Black dining room furniture can accommodate almost any decorating style and palette. Choose decor to enhance the room’s existing architectural features and the mood you wish to convey. From loud and contemporary to quietly traditional, your personal preference determines the decorating path for your dining room with black furniture.

Walls and Ceiling

  • Buttery yellow walls help to mellow the mood in a dining room furnished with black furniture, while pristine white walls intensify the stark contrast against coal-colored pieces. Bring a playful color punch to your room by applying apple green paint to the walls for a delicious complement to black furniture. Gray-toned walls deliver a calming neutral ambiance when paired with black pieces, whereas salmon-colored walls offer a warm, earthy feel. A white ceiling with crown molding sets off any wall color and adds outstanding color contrast against black furniture.

Windows and Lighting

  • Give your dining room showy panache when you hang floor-length luxurious draperies in a silky gold-colored fabric over bare windows. The black furniture and gold-toned draperies create the posh atmosphere found in a five-star restaurant. Or, install energy-efficient white cellular shades for a no-nonsense window dressing that brightens a dining area furnished with dark-colored furniture. A chandelier can steer a dining room toward a specific decorating style. For example, hang a rustic wrought-iron chandelier over a black dining table to enhance Tuscan decor. Alternatively, suspend a magnificent chandelier with sparkling prisms above the table for a posh, elegant look. The glistening crystals and rich black table make a well-dressed pair.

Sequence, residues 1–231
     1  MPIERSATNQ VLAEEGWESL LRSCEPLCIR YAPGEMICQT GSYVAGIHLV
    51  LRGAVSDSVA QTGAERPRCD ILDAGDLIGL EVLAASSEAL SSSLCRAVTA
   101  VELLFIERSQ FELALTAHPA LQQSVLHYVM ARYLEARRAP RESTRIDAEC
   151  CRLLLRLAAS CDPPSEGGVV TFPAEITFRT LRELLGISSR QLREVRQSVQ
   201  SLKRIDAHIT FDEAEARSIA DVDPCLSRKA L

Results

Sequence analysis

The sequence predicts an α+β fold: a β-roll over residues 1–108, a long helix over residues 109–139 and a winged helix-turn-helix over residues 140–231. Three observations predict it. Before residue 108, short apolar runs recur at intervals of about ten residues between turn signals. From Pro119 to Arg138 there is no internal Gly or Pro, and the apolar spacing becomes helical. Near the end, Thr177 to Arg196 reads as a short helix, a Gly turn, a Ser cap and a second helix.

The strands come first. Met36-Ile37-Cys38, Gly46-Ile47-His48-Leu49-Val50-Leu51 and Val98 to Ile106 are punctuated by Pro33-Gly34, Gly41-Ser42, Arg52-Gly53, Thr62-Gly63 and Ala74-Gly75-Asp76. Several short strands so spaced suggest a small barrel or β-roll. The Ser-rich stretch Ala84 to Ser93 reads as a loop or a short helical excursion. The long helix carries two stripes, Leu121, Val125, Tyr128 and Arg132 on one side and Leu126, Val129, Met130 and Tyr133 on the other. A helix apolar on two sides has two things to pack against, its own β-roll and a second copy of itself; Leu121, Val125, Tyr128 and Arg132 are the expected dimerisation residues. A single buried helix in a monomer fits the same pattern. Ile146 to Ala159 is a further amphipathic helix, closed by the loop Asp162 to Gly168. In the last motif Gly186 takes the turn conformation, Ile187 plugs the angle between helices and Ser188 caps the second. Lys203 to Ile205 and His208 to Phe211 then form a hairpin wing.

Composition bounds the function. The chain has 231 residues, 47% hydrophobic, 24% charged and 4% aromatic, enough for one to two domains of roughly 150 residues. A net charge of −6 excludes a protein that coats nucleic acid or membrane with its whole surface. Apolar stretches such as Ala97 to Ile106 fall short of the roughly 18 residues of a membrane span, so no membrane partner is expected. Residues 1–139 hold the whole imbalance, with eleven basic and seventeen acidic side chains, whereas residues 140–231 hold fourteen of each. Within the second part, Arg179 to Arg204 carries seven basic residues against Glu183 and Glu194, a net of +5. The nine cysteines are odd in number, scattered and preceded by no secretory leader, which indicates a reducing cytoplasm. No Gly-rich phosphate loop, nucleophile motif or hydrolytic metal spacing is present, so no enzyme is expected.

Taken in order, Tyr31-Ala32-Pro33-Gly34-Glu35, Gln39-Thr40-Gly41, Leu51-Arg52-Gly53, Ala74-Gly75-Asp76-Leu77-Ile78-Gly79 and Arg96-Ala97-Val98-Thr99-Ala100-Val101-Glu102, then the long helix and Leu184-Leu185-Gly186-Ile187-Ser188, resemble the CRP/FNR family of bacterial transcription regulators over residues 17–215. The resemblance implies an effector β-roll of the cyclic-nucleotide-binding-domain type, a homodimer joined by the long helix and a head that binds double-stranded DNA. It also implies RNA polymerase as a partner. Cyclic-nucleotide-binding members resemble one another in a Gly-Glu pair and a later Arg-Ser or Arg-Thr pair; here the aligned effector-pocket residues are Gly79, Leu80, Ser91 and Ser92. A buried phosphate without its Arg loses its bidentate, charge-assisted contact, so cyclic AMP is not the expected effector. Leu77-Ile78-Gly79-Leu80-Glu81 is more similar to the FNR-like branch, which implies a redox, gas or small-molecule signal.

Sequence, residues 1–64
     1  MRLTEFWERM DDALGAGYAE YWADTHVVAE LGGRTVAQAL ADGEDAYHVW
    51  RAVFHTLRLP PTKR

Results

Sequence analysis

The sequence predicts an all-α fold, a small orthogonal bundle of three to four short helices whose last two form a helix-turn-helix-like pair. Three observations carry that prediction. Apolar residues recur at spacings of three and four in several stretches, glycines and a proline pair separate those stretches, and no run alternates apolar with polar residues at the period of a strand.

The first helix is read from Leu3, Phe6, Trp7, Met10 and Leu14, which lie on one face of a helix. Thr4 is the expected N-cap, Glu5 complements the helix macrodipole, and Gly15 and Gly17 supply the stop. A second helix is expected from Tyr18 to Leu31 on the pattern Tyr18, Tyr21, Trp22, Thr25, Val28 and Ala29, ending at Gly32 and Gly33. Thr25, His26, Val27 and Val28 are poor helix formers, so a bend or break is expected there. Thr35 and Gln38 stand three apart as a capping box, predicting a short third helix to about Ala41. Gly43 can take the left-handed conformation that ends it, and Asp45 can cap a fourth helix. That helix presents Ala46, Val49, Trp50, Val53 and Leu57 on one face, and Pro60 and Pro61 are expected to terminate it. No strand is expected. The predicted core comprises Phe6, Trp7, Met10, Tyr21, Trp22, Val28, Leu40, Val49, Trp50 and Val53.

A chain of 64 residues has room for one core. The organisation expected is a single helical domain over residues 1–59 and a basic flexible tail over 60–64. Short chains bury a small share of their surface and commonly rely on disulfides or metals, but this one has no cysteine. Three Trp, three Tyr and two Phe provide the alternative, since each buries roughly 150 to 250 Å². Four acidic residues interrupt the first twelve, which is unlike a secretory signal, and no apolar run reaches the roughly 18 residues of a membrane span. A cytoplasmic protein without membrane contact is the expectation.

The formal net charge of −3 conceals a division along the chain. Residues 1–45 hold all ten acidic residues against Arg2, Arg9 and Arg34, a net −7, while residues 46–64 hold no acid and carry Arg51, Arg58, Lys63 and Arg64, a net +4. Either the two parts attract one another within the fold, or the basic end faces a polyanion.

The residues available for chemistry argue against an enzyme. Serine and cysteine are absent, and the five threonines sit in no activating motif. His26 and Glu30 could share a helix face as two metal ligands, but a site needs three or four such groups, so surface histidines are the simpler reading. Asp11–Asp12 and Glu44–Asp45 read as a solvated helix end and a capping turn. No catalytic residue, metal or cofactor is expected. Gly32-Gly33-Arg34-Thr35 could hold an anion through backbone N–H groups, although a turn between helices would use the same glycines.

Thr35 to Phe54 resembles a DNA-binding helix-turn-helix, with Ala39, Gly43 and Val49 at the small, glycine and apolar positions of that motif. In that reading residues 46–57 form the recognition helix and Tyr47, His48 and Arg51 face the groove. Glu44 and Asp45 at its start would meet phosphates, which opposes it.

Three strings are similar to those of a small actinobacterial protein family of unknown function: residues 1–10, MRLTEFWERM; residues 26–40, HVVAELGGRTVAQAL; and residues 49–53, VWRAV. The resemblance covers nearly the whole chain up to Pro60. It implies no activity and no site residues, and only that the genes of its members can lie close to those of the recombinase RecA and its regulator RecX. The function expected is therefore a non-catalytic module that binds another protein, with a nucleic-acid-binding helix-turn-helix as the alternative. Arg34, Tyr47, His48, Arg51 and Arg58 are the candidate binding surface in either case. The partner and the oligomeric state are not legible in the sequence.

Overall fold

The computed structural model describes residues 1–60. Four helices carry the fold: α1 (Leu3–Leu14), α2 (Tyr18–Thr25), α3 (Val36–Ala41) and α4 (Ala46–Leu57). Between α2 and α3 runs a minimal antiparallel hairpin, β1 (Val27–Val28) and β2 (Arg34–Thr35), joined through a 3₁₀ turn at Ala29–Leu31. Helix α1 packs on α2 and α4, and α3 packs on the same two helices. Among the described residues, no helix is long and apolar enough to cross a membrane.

• Break up a black dining set by intermingling a few colorful dining chairs. Exchange half of the existing dining chairs for upholstered replacements in a different style. Choose bright red chairs to boost the visual energy of a subdued black table, or add a calming atmosphere with sage green upholstery. Go wild over leopard prints to add an exotic flair to black dining chairs. You can stencil small motifs and designs on other black furniture, such as sideboards, china cabinets or serving carts, to create eye-catching pieces. Use a paint for your stencils that stands out against the black furniture: gold paint adds elegance; silver paint suits modern decor; and off-white paint complements cottage appeal.

Decorative Accents

  • Define your decorating style in a dining room furnished with black furniture by incorporating the right decorative accents. For example, hang an oversized colorful abstract painting on a bare wall to emphasize contemporary style. Place a gray area rug dotted with a geometric pattern under your dining table and center a trio of streamlined silver candlesticks in varying heights atop the table. Accentuate traditional design with vases of fresh flowers, crystal candlesticks and bowls, linen tablecloths and ornate picture frames encasing soothing prints. The traditional accessories make a sophisticated design statement against black dining room furniture.

Step inside our new issue

Editor Jeremy Hansen talks up our interiors special.

Our new cover was photographed at an Auckland home by Julian Guthrie, and features a chair by Rossanna Puglietti for Giorgetti from ECC, a rug from Siggada Kilims, a brass tray by Tom Dixon and ceramic accessories from Everyday Needs. The 'Dama' side-table is by CR&S Poliform from Studio Italia. Photograph by Patrick Reynolds.